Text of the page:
A new study suggests that combining poetry and meditation can enhance qualitative data analysis for researchers by helping them uncover new angles on the world.
Published in the Journal of Marketing Management, the study explains meditation can train researchers' bodies for data collection, helping them capture unexpected insights and deal with uncertainty. Additionally, poetry can offer researchers a tool to refigure their surroundings and shed new light on the data they work with.
Poetic meditation allows researchers to approach data analysis from unexpected directions and find previously unnoticed features in market and consumption environments. The technique is demonstrated through audio recordings of "poetic meditations" that take the listener on a journey through poetry and philosophy, ending with a period of meditation.
It is hoped this method will help researchers better understand novel cultural practices, and give them a new perspective on their data.
“Scientific wonder prompts us to ask questions about the purpose of consumption, the way markets are created and extended, and how life and human experience are attached to both,” Pilar Rojas-Gaviria, from the University of Birmingham, said.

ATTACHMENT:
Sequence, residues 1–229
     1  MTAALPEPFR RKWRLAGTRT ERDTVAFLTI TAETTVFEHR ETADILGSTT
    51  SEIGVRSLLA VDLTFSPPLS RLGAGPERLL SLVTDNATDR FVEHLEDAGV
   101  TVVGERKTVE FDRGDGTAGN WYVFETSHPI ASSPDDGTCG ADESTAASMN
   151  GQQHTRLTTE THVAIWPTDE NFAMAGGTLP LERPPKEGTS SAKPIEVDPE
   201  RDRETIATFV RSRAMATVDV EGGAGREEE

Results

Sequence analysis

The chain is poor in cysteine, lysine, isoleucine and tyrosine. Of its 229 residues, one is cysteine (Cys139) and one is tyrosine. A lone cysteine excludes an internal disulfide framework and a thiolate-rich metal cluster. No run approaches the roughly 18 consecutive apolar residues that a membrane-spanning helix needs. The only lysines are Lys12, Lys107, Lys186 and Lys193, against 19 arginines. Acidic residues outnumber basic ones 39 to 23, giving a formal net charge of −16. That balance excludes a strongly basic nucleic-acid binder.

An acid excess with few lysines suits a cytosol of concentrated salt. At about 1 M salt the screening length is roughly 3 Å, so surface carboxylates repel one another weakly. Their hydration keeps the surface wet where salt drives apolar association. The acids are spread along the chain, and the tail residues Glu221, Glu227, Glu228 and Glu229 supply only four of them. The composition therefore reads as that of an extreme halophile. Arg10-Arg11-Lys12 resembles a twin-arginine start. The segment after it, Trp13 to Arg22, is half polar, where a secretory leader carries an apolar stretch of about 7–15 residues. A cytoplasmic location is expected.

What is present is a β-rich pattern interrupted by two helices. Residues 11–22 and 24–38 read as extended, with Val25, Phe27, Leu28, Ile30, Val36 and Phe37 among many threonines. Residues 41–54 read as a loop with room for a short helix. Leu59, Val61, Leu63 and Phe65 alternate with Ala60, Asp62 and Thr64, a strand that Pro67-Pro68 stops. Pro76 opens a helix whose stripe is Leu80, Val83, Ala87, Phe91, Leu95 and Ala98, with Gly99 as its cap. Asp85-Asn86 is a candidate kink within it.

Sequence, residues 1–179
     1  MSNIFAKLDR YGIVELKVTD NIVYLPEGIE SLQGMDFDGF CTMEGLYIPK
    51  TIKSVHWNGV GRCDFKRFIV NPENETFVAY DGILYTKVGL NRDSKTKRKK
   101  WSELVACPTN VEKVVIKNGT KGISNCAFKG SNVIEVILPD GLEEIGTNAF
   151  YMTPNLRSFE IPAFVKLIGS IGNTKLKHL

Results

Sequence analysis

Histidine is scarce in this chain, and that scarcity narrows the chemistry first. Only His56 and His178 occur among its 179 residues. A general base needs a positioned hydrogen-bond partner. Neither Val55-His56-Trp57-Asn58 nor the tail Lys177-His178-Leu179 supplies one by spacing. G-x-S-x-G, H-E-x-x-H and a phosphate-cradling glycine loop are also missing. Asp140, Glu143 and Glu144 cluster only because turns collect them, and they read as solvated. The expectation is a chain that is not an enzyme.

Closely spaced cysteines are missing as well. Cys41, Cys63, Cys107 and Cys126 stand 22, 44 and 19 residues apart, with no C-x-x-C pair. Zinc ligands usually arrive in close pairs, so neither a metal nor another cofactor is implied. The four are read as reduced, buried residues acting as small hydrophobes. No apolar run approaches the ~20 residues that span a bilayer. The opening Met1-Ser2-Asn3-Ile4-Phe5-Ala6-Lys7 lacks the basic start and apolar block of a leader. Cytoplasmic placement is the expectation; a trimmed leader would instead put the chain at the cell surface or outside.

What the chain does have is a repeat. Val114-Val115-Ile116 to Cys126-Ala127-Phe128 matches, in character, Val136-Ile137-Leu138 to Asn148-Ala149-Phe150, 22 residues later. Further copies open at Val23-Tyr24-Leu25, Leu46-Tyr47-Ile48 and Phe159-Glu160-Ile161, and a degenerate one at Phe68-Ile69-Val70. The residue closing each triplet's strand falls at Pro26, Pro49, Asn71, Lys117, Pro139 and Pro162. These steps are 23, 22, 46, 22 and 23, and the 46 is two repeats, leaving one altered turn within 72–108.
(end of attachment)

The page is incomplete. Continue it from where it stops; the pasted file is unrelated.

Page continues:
“Academics have always developed theses to resolve questions and explain events, but mindfulness practice can make our bodies an instrument of research – gathering data from different environmental sources.”
Rojas-Gaviria said poetry offers qualitative researchers “a useful tool to refigure their surroundings and shed new light on the data they work with.”
Robin Canniford, from Kedge Business School, commented: “We believe this technique can inspire researchers to include sound recordings and data presentations in their publications – creating a different approach to communicating and understanding their findings.
“Creating a poetic meditation might be a first step in a researcher’s journey that uncovers new sensations, interpretations, and questions - reaching towards unconventional and impactful responses in our research, even when answers seem to be far in the future.”
Rojas-Gaviria and Canniford believe this technique can inspire researchers to include audio recordings and data presentations in their publications, creating a different approach to communicating and understanding their findings.